Go to actionfortranshealth.org.uk.
Sexual health clinic, also provides blood tests and advice on hormone treatment. This might be useful for people who self-medicate
LGBT support group for people in Scotland. They also cover transgender people.
Go to lgbtyouth.org.uk
They have an advice section, which contains a lot of useful information, which the TransChat site also links to in a few places, for various topics: https://www.lgbtyouth.org.uk/yp-advice
http://londonfriend.org.uk/get-support/social/ - see T on Tuesday on that page for their trans support group. It is friendly towards non-binary people.
http://www.translondon.org.uk/?q=meetings - support group.
Note: their homepage says whatever their gender identity (or identities) but a Google site search reveals that they mostly cover information for trans women. We’ve yet to visit this group in person, to see how good they are. They may be good, though, for people living in London.
Transgender support group in the Southend area, with regular meetings. This is a volunteer based organisation, so if you think you can help them, please don’t hesitate to get involved!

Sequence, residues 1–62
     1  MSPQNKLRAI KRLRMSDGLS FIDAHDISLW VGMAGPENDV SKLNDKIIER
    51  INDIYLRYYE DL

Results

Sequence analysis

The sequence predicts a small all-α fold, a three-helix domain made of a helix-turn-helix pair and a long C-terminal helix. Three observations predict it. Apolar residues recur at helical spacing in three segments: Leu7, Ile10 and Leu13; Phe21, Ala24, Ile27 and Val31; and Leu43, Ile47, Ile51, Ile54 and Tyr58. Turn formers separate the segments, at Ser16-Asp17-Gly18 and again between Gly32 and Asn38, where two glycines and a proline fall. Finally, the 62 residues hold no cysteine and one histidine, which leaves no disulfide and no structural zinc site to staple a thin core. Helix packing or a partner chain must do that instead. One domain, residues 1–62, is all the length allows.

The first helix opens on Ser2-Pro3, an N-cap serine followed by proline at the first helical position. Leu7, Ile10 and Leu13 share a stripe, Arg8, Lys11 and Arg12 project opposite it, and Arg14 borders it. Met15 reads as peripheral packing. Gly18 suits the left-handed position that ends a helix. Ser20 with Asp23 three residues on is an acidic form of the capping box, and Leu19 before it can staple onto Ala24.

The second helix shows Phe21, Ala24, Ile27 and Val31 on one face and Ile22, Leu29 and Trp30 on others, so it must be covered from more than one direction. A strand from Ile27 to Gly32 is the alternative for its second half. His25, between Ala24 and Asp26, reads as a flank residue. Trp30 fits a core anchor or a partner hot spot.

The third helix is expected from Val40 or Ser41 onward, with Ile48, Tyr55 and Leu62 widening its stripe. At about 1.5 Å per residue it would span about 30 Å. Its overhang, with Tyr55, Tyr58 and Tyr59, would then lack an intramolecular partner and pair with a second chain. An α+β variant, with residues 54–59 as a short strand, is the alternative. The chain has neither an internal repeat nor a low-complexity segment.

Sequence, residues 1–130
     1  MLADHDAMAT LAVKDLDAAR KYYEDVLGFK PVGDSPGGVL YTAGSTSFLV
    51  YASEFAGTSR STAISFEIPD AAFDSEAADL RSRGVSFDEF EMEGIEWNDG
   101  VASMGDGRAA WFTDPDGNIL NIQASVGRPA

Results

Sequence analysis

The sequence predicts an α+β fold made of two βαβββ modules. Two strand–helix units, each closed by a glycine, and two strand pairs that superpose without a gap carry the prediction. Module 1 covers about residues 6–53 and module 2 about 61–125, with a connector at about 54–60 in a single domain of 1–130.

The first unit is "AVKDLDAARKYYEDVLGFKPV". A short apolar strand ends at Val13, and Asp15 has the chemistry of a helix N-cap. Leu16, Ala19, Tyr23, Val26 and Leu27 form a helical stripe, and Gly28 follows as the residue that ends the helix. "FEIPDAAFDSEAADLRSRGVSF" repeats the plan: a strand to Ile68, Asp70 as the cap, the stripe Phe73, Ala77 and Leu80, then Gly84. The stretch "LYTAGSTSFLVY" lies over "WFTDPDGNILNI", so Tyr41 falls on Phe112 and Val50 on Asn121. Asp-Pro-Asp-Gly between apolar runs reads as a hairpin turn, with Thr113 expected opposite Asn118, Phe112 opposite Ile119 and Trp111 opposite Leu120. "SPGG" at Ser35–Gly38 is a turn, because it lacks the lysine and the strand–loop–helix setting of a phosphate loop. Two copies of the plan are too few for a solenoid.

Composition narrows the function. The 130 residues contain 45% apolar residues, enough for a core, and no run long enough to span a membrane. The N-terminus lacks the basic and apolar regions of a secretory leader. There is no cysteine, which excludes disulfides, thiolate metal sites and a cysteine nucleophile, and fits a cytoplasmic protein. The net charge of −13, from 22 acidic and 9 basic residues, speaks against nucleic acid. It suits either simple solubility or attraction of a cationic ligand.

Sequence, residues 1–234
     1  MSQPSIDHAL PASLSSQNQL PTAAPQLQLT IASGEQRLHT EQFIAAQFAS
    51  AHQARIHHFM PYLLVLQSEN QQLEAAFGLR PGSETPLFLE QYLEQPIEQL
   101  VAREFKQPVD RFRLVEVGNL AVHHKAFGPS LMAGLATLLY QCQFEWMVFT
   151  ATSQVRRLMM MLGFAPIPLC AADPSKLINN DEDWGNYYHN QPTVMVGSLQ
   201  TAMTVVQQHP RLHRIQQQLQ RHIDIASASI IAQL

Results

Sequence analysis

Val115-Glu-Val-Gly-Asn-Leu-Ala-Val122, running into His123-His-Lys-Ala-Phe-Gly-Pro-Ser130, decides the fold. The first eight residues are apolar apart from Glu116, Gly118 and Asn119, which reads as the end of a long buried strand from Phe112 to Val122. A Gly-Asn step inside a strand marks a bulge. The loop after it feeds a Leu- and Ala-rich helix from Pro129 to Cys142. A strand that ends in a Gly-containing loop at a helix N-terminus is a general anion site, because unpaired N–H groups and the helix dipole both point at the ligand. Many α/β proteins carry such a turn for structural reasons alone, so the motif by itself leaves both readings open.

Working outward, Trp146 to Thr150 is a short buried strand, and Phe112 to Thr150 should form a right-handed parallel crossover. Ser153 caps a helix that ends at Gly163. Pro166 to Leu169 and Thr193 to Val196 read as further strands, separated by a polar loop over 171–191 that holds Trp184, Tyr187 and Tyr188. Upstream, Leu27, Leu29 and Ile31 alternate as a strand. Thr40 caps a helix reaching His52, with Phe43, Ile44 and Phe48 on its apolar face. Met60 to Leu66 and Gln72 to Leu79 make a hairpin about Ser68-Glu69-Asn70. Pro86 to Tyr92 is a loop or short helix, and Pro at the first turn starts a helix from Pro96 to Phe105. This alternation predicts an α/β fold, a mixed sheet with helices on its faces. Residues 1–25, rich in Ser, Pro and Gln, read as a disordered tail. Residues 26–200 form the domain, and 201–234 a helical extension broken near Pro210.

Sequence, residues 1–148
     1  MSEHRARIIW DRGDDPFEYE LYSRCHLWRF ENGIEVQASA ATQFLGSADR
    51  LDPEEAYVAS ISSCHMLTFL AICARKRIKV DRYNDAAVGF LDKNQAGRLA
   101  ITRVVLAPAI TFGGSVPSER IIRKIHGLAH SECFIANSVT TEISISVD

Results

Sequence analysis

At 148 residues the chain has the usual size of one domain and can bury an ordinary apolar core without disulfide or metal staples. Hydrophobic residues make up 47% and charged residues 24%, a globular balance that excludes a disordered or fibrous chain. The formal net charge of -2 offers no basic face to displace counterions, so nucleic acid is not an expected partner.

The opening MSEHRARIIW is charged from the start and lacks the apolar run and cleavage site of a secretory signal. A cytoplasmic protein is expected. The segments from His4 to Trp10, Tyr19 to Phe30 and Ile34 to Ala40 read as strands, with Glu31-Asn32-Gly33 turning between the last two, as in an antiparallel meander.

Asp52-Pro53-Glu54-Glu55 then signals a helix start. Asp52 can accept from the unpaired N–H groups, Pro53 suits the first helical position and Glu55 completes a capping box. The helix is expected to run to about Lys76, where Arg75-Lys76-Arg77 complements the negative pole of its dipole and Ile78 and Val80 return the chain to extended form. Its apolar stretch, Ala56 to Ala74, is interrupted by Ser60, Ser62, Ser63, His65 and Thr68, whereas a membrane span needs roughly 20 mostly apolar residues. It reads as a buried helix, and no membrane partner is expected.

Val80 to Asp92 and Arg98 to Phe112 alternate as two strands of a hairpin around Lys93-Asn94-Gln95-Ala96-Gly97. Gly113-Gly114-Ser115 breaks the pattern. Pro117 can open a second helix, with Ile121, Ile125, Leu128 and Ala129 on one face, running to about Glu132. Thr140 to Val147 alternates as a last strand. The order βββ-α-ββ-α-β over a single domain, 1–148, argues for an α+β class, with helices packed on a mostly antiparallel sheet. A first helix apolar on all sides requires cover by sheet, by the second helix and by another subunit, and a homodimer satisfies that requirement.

Go to transpiresouthend.org
Being trans is not a mental health condition, but a lot of trans people suffer mental health conditions, for various reasons (e.g. unemployment, discrimination, bullying, general stress, etc). Mind is a mental health charity, designed to help people with who are functionally diverse.
Go to mind.org.uk
Sexual health charity, especially around topics like HIV prevention. It’s generally for the LGBT community as a whole, but has sections relevant to trans people:
Their main site is at tht.org.uk.
From their homepage: GIRES’ purpose is to improve the lives of trans and gender non-conforming people, including those who are non-binary and non-gender.
GIRES is a volunteer-based charity that helps trans people cope with and improve their lives, to the point where they are happy in their transition.